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20 February 2008 Cell imaging by transient fluorescence detected infrared microscopy
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Proceedings Volume 6853, Biomedical Optical Spectroscopy; 685307 (2008) https://doi.org/10.1117/12.762980
Event: SPIE BiOS, 2008, San Jose, California, United States
Abstract
Transient fluorescence detected infrared (TFD-IR) microscopy was developed to overcome the diffraction limit of infrared (IR) light without a near-field system. This microscopic technique is based on TFD-IR spectroscopy, which converts information on IR absorption to fluorescence intensity by further electronic excitation of vibrationally excited molecules by a probing UV/visible light. Roots of Arabidopsis thaliana and living A549 cells with fluorescent dyes were chosen as samples. In the measurements using the TFD-IR microscope, tunable IR picosecond laser pulses were used in the wavelength range from 2700 to 3700 nm, corresponding to CH, NH, and OH stretching modes. Fluorescence images of the root cells of A. thaliana by the TFD-IR scheme were obtained with super-resolution compared with the resolution of conventional IR microscopy. The resolution is estimated to be less than 2.6 μm by fitting of a gaussian function. However, the TFD-IR images were dominated mainly by the fluorescent dyes because they were almost the same as a conventional fluorescence image. To investigate other contributions hidden by that of fluorescent dyes, we plotted the fluorescence intensity in several 5 μm squares at various IR wavelengths, called a TFD-IR spectrum. For root cells of A. thaliana, the TFD-IR spectra show shapes similar to those of a conventional IR absorption spectrum of the fluorescent dye. Therefore, the TFD-IR images are not due to the cellular components. For an A549 cell, the TFD-IR spectra were different from a conventional IR absorption spectrum of fluorescent dyes in the wavelength region shorter than 3100 nm. We speculate that the spectral difference is due to the cellular components, possibly assigned to the combination band related to amino groups of cellular components bonded covalently to the fluorescent dyes.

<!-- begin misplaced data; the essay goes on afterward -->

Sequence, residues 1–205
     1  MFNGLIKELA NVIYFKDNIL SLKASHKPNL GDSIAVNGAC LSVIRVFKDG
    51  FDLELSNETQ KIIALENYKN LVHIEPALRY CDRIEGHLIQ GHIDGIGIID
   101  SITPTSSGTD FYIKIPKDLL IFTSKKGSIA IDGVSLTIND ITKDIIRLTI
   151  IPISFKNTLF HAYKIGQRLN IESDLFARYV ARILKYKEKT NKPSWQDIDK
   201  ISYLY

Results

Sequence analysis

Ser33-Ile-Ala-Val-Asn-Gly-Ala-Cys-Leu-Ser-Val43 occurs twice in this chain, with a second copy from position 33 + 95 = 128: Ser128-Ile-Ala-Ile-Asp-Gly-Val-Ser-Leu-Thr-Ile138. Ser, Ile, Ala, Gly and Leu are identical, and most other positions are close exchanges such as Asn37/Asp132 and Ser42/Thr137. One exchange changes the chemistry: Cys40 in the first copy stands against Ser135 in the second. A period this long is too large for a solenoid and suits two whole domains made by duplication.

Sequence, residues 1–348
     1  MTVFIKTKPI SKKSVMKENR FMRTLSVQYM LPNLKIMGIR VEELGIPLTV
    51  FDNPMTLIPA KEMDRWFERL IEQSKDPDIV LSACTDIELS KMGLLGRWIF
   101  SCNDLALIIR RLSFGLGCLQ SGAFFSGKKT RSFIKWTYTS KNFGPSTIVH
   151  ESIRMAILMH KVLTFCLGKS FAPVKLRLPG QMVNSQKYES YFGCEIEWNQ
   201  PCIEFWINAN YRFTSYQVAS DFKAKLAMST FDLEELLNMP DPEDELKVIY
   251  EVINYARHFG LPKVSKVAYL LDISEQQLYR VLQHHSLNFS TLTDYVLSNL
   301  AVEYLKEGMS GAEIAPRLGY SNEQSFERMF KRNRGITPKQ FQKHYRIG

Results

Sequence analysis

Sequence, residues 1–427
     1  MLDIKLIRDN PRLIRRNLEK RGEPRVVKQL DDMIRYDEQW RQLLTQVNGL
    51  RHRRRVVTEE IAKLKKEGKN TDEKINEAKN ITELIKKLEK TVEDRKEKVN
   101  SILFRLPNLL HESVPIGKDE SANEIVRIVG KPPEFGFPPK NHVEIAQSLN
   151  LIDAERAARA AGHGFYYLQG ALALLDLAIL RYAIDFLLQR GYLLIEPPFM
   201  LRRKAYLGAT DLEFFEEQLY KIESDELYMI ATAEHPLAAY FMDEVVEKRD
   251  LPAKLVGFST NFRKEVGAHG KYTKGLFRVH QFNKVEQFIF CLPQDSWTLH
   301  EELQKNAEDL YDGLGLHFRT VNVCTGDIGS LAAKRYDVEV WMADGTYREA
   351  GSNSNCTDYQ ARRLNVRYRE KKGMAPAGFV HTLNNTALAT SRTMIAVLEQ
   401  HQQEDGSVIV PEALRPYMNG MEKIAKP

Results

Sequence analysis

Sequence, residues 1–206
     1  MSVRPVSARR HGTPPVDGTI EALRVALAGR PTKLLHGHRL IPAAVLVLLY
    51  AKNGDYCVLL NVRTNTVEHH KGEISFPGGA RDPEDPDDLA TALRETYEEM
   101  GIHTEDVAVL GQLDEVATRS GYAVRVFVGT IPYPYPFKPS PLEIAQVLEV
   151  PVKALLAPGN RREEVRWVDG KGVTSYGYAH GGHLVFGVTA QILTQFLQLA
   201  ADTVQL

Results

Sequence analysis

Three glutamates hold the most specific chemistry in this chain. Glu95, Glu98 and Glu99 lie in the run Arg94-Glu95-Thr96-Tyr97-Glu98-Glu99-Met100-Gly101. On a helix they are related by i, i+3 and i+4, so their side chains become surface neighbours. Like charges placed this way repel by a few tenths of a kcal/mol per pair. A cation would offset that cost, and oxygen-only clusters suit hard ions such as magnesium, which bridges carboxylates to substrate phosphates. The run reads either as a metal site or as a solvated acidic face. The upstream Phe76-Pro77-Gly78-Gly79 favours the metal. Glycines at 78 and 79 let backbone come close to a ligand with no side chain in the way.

© (2008) COPYRIGHT Society of Photo-Optical Instrumentation Engineers (SPIE). Downloading of the abstract is permitted for personal use only.
Tsutomu Ohmori, Makoto Sakai, Miya Ishihara, Makoto Kikuchi, and Masaaki Fujii "Cell imaging by transient fluorescence detected infrared microscopy", Proc. SPIE 6853, Biomedical Optical Spectroscopy, 685307 (20 February 2008); https://doi.org/10.1117/12.762980
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